As a child, I used to see crochet hooks as a vile enemy, a weapon that could harm and destroy. For a period of time, I was obsessed with Egypt and mummies. At night, I would be nested in my bed with my book, eyes wide, staring with morbid curiosity at the description of mummification.
I was mesmerized: removal of organs, their placement in jars, stuffing the body, wrapping it, decorating it. It was just so…spectacular. Of the entire process it was the act of removing the brain through the nose that grabbed me. With a combination of awe and disgust, I would read that part over and over and over. The thought was enough to keep me up at night and make my spine tingle during the day. I imagined what it would be like to feel something jammed up my nostril that would scramble my brain around only to drag it out of my head. In all of my reading, the same description kept surfacing. The instrument responsible for this organ removal was a long, thin piece of metal with a hook at one end.
Little did I know my mother was the proud owner of one such hook, which lay buried deep inside a knitting bag that my grandmother had owned. If I had found this crafty tool before I became obsessed with mummies, I might have approached it a little differently. While playing in our family room closet one day, I came across the embroidered bag. My mother occasionally brought the bag out when she was inspired to make a few things, so I knew what it was but had never explored it on my own. Inside, I found a variety of knitting needles; short and thin, long and fat, pieces of slick metal that soon became conducting batons and magic wands. Then one day, as I dug deep inside that fabric treasure trove, beyond yarn and patterns, I discovered two new things–a latch hook that I’d seen my mother use to make rugs for my room (and by rugs I don’t mean anything grand and elaborate–I mean Bambi from one of those craft kits you can find in stores), and a crochet hook.
As my small hand emerged from the depths of this dark bag of secrets, my eyes lit up with astonishment at the object that sat in my palm. Something in me knew instinctively what it was. I must have overheard my mother or her sister talking or seen them use one. But in my head, I saw the pages of the mummy books I’d so often stared at. More importantly I saw the brain hook, as I’d come to know it. For a split second, I wondered if my mother wasn’t the descendant of an ancient Egyptian priestess whose tools had been kept in the family, passed down from generation to generation, ending up here…in my mother’s mother’s knitting bag. I imagined a secret ritual that accompanied its transference from person to person. A deathbed promise made to protect the hook, from what I really couldn’t say. Rationality returned to me and deep down I knew the hook was just a hook, but what if…? I returned to the bag time after time to get my magic wands, and each time I would examine the crochet hook, contemplating whether one day it would come to life and, wanting to reclaim itself, would thrust itself up my nose to complete the task it was intended for.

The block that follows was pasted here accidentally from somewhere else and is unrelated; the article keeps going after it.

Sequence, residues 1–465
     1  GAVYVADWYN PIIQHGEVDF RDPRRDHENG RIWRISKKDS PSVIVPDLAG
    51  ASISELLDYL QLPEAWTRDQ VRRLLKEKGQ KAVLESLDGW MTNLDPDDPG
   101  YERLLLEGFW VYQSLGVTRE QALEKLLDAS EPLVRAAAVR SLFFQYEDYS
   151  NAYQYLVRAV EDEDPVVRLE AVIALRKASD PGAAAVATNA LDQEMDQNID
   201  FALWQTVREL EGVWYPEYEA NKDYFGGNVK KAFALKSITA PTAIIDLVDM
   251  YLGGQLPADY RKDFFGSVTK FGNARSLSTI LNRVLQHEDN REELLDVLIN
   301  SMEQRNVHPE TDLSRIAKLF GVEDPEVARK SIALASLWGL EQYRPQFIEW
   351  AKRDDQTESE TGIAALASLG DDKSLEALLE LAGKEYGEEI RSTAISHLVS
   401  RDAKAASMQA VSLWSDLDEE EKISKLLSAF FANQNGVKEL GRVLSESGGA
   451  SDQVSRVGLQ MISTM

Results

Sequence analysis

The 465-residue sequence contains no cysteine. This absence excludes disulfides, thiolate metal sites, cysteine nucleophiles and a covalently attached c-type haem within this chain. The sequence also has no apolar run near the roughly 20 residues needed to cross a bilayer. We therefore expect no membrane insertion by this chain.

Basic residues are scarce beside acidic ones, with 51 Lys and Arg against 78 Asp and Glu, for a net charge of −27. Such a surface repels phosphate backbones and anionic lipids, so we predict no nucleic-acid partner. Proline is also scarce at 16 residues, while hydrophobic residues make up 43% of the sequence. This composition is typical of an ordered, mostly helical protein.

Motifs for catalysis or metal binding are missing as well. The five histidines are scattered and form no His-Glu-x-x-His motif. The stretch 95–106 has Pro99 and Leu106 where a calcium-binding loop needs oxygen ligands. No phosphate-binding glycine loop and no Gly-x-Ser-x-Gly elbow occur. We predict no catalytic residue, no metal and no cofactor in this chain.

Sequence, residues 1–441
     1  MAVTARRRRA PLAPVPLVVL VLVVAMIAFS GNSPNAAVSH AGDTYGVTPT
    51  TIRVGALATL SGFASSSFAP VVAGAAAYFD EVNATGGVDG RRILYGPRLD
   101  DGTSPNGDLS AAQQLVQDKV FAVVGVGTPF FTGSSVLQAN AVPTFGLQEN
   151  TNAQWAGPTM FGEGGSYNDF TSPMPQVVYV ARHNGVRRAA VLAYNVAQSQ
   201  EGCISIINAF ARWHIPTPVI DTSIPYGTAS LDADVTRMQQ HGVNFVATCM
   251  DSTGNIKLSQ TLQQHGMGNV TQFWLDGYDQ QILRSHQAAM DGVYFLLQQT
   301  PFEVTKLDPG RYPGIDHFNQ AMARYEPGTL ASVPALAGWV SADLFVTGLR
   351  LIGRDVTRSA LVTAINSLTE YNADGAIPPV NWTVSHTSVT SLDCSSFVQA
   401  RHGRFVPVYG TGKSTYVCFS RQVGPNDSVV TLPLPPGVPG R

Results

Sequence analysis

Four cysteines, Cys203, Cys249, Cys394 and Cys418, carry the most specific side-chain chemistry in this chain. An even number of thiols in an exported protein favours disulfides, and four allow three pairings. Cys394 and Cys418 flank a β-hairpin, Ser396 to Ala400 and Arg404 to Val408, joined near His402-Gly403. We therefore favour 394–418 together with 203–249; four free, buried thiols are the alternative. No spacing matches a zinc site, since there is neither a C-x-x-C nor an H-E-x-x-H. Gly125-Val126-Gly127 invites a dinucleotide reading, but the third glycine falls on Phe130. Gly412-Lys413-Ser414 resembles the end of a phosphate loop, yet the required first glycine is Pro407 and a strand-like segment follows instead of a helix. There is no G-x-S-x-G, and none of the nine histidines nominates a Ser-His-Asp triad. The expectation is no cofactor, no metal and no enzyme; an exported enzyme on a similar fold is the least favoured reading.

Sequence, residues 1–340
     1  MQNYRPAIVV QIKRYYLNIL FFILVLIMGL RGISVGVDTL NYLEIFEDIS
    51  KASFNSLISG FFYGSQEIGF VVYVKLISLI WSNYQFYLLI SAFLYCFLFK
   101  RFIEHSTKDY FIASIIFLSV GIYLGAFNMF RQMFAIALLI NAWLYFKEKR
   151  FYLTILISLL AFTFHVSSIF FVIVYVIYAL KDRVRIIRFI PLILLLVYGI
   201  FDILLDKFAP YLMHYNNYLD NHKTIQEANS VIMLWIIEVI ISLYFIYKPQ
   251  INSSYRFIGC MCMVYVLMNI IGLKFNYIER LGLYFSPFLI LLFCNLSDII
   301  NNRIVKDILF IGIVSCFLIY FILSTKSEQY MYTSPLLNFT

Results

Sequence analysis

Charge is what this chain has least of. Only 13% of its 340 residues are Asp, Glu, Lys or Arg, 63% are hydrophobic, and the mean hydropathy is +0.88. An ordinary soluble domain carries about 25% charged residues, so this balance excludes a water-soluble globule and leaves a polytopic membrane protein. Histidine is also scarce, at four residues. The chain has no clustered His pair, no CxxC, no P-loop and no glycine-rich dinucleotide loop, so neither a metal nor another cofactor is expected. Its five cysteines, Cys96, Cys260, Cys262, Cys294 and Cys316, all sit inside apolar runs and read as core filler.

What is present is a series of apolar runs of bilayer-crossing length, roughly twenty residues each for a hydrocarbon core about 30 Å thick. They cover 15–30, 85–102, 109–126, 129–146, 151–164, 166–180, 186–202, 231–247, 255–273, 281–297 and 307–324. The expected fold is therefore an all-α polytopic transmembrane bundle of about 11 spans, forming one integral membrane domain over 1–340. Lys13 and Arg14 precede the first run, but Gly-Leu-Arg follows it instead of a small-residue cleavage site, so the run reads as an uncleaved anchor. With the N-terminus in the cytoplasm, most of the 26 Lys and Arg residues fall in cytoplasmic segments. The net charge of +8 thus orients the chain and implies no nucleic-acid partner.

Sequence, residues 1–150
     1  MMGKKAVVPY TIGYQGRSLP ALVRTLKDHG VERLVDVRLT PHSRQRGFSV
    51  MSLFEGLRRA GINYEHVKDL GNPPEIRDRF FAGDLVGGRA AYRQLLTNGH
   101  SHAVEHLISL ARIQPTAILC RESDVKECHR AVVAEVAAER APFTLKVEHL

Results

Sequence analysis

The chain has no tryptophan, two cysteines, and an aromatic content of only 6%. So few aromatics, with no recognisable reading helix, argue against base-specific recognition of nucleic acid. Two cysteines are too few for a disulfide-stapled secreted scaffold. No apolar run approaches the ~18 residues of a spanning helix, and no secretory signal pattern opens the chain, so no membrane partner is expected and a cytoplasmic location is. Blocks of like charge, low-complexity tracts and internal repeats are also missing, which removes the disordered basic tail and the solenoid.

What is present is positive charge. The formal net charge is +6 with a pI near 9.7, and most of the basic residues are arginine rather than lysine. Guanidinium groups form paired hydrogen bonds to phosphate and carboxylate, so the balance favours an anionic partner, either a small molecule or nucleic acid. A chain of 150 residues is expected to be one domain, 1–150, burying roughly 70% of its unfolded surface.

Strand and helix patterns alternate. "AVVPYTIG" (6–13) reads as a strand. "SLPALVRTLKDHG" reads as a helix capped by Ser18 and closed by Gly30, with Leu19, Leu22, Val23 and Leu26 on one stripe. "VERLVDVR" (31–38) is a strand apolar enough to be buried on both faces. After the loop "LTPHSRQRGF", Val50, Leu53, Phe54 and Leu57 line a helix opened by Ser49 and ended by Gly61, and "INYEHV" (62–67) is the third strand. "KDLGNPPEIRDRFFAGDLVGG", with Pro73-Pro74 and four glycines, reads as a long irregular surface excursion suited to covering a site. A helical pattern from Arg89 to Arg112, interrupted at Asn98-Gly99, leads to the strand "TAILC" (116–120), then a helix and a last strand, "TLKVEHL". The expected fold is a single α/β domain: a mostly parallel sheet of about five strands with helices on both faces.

A few years later, by the ripe old age of ten, I tried to learn how to knit. I managed well despite my youth. I made blankets for my dolls and even a scarf; anything straight and square I could handle, but never would I put that crochet hook to use. I handled it every now and then, turning it over in my hand like it was a sacred object, wondering if I had the strength to conquer this tool and use it for crafting instead of brain removal.
As I grew, my imagination subsided, as did my time for hobbies. That is, until I found myself a college graduate with two part time jobs and more free time than I knew what to do with. One day, in my search, I remembered the knitting bag. Determined to make myself adept at something other than reading books, I tried for a couple of days to get myself to knit. The process boggled my mind and the instruction book I had provided little help. The booklet had awful, confusing diagrams and I needed a simple picture to demonstrate what I was supposed to be doing.
My mother had always espoused that crocheting was easier than knitting; slower but simpler in a way. So, I thought, this is where I’ll begin. Feeling strangely domestic I undertook a secret expedition to the local Ben Franklin store where I bought a pamphlet called Teach Yourself Crochet, complete with color photos and fantastic diagrams with arrows. I smuggled my new found resource into my room, which at twenty-two was rather silly, and slyly retrieved the crochet hook and some yarn from my mother’s knitting bag. Confining myself to my bedroom I worked tirelessly on mastering these new skills. I learned single, double, and triple stitches. Slip-stitches, half-double, and half-triple crochet. I increased, decreased, and bound off with expertise. A few hours later I emerged from that room as a crocheting diva. I became a zealot. I was a modern day Rumpelstiltskin, using my metallic spinning wheel to turn formless yards of yarn into golden masterpieces. First a small afghan for my cousin’s one year old son, then Christmas stockings for my parents, and about a zillion ornaments for family and friends.